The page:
They said the application deadline for recent graduates and current juniors and seniors is 10:59 p.m. Wednesday, Sept. 5.

“There has been incredible response from students, parents and faculty,” Knoblauch said. “This is a truly holistic solution to meet the needs of as many stakeholders as possible.”

Elizabeth Keller, 21, a pro pilot major and flight instructor from Maryville, Tennessee, said it “is a great opportunity for MTSU aerospace students. It allows students to have a better idea of the plans they have after college.”

Jackson Dalton, 20, a senior pro pilot major and flight instructor from Atlanta, Georgia, admits he has been “trying to make himself stand out and be engaged” in this opportunity.

Dalton was bitten by the flying bug at age 12 and attended the Aviation Career Enrichment Flight School in Atlanta that was started by retired Delta Capt. Julius Alexander.

Among the Delta group at Friday’s kickoff were MTSU alumni Eric Wesley, first officer with a Boeing 737, and Demetrius Beard, first officer of a Boeing 757. Both are college liaisons.

MTSU has more than 300 combined undergraduate and graduate programs. Aerospace is one of 11 College of Basic and Applied Sciences departments.

Original article can be found here ➤ https://www.dnj.com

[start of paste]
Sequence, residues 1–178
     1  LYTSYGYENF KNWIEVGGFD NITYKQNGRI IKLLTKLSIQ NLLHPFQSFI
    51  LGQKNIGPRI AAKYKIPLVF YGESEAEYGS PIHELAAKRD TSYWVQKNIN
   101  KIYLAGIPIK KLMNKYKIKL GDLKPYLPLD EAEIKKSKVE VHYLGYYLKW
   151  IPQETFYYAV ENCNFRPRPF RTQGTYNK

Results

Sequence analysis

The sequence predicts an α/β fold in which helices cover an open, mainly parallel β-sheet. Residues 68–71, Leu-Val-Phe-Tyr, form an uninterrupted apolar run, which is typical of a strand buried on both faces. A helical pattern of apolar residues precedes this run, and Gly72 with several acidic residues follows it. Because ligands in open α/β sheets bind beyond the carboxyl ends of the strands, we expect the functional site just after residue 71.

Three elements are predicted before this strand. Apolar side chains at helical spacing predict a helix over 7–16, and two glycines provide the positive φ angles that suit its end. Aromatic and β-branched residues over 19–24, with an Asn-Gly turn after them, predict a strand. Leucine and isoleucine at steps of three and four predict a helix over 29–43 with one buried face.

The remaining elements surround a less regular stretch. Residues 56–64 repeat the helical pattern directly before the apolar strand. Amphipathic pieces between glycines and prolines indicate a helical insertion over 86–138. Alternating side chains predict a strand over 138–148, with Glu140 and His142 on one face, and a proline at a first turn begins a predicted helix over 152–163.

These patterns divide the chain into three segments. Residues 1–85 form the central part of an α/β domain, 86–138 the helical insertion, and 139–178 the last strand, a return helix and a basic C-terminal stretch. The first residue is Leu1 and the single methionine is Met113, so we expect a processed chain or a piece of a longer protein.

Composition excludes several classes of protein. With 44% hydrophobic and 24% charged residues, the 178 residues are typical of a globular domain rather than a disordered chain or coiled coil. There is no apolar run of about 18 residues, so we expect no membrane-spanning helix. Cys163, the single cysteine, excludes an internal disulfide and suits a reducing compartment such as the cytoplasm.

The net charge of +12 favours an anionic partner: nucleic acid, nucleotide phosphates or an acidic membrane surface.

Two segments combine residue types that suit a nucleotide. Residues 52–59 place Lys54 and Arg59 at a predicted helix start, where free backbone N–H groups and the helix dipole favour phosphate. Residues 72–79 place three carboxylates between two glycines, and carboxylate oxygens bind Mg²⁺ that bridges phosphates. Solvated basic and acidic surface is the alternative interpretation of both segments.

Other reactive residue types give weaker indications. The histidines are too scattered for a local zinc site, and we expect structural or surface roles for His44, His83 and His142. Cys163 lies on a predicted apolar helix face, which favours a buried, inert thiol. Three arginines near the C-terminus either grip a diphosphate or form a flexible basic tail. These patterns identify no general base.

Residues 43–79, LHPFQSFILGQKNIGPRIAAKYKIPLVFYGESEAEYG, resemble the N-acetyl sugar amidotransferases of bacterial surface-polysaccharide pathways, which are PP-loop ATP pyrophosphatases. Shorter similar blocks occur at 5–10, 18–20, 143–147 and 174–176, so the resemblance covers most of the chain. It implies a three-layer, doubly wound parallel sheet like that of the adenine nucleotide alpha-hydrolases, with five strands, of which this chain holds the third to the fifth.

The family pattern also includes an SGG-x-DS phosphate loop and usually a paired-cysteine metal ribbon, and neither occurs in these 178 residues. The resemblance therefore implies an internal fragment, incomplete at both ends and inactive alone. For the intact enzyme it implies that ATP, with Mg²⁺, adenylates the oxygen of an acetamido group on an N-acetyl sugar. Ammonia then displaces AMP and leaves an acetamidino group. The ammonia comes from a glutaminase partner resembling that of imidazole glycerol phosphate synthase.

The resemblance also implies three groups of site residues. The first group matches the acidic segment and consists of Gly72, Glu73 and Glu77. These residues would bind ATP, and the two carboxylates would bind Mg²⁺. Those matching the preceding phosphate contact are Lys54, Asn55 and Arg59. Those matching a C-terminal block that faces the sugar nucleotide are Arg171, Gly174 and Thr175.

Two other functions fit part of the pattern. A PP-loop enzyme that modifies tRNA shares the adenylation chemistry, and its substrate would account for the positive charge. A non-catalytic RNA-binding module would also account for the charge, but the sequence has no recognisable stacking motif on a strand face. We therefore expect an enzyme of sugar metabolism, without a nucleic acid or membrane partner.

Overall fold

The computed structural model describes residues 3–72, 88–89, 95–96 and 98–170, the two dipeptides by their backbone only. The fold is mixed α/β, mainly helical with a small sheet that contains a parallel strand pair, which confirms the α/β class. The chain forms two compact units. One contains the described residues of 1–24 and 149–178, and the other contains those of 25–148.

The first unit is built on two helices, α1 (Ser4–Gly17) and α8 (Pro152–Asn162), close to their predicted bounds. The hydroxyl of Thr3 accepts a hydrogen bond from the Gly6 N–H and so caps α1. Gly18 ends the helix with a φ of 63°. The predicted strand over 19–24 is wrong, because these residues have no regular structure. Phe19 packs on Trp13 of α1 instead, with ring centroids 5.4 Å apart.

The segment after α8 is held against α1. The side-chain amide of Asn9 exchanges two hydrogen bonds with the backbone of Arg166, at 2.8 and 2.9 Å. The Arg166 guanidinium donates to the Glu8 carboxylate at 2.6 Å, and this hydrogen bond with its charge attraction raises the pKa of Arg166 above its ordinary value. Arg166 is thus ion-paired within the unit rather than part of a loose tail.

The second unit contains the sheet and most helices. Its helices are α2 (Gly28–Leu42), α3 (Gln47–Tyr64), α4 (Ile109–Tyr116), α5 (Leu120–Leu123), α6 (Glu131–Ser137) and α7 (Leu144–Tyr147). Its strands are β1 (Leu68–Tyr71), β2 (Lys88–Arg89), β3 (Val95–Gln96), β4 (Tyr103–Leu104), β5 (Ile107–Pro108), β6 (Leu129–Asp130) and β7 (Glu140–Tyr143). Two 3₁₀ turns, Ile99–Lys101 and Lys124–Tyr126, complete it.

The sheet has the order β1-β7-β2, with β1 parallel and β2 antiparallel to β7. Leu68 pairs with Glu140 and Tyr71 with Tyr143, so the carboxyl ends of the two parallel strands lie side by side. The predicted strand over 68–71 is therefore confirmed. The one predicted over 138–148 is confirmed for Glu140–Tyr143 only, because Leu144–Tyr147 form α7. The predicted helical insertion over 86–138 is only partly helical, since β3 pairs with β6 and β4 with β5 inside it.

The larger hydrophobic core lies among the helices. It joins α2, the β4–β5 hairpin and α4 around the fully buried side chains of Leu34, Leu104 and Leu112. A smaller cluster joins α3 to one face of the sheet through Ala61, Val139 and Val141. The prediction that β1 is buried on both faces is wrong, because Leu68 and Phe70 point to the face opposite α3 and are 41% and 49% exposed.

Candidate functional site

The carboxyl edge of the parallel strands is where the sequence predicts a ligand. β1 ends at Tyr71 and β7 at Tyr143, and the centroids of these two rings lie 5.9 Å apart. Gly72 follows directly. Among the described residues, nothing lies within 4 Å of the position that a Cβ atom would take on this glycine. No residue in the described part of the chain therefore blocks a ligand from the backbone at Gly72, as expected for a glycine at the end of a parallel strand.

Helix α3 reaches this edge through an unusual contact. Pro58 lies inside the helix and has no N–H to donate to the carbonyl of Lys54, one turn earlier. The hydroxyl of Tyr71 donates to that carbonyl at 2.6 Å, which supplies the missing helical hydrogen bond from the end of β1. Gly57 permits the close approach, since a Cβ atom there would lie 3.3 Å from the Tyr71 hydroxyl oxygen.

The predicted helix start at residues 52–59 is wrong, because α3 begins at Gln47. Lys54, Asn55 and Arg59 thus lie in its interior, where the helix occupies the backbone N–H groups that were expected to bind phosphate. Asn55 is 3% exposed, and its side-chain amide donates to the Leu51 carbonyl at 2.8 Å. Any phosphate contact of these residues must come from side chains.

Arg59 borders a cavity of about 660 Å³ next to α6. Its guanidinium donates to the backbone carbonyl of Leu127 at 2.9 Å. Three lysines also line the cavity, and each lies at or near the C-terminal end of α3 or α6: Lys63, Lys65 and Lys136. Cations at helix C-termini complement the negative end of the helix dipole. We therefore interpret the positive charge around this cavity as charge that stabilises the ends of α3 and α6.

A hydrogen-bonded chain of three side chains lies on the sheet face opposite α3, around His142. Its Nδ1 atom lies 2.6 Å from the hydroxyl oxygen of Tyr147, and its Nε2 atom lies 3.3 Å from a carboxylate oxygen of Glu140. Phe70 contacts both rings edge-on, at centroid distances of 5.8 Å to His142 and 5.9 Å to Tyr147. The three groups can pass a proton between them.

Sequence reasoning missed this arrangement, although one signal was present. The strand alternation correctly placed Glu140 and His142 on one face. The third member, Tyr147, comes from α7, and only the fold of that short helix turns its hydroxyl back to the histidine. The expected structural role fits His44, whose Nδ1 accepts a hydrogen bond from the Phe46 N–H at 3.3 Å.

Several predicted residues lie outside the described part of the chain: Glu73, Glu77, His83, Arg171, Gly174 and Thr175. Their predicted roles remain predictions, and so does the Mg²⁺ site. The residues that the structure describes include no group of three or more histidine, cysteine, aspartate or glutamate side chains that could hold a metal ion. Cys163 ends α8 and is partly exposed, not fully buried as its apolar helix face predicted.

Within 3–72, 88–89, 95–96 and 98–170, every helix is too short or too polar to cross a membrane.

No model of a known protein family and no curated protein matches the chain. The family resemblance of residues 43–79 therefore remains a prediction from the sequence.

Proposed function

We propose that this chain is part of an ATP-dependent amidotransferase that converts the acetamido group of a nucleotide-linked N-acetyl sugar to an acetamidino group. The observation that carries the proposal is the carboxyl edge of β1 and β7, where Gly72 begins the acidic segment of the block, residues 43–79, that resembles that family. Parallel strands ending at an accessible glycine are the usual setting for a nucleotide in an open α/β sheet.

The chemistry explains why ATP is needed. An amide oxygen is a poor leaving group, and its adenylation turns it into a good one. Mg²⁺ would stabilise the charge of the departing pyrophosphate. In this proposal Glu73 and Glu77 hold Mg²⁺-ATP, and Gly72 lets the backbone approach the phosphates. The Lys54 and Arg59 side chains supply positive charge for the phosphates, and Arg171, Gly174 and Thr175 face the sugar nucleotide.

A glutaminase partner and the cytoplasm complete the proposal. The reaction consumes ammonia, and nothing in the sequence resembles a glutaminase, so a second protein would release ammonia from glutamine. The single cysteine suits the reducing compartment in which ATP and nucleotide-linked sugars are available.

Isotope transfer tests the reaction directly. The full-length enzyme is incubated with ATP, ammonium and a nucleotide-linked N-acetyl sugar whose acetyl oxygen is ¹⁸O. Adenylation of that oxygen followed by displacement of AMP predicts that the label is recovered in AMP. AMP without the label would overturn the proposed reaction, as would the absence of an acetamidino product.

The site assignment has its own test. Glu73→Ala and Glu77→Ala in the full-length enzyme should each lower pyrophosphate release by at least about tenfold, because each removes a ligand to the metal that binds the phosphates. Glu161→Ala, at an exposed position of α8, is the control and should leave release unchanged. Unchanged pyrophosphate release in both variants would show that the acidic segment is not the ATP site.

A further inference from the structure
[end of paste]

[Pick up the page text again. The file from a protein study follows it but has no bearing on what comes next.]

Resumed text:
Delta Air Lines nurturing future pilots at Western Michigan University Aviation

Emily Coaker, First Officer, Delta Air Lines. Assistant Manager of the Pilot Outreach Program.

These are the Cirrus planes that Western Michigan University pilots-in-training learn to fly.

Western Michigan University Aviation School offers training in flight simulators that are specifically of the same design of the Cirrus aircraft that makes up much of their fleet. 

Most colleges hang their championship banners in their gym. At Western Michigan University Aviation School in Battle Creek, they hang in the hangar.


BATTLE CREEK (WKZO AM/FM) -- Delta Air Lines is looking for pilots. 

A boon in air travel, the imposition of a mandatory retirement age for pilots and the fact that fewer pilots are coming out of the military has left Delta projecting an 8,000 pilot shortage over the next few years.

That’s why they were at Western Michigan University Campus this weekend, introducing their new Delta Propel Career Path Program to Students at the WMU Aviation School in Battle Creek.

Delta’s Emily Coaker says this is just one of many ways they are trying to entice more young people into looking into a career in Aviation.

She says if they join the program and fulfill all the requirements, they will have guaranteed job in a cockpit when they are ready to fly.

Original article can be found here ➤ https://wkzo.com

State, feds award Stanly County Airport (KVUJ) $1.4 million

Stanly County is one of 27 recipients to garner state and federal funds for much-needed improvements at its airport.

The local airport is set to receive more than $1.4 million, one of the larger appropriations in the $24.7 million total awards, according to the N.C. Board of Transportation. For Stanly, the funds will go toward the rehabilitation of the airport’s runway and taxiway lighting.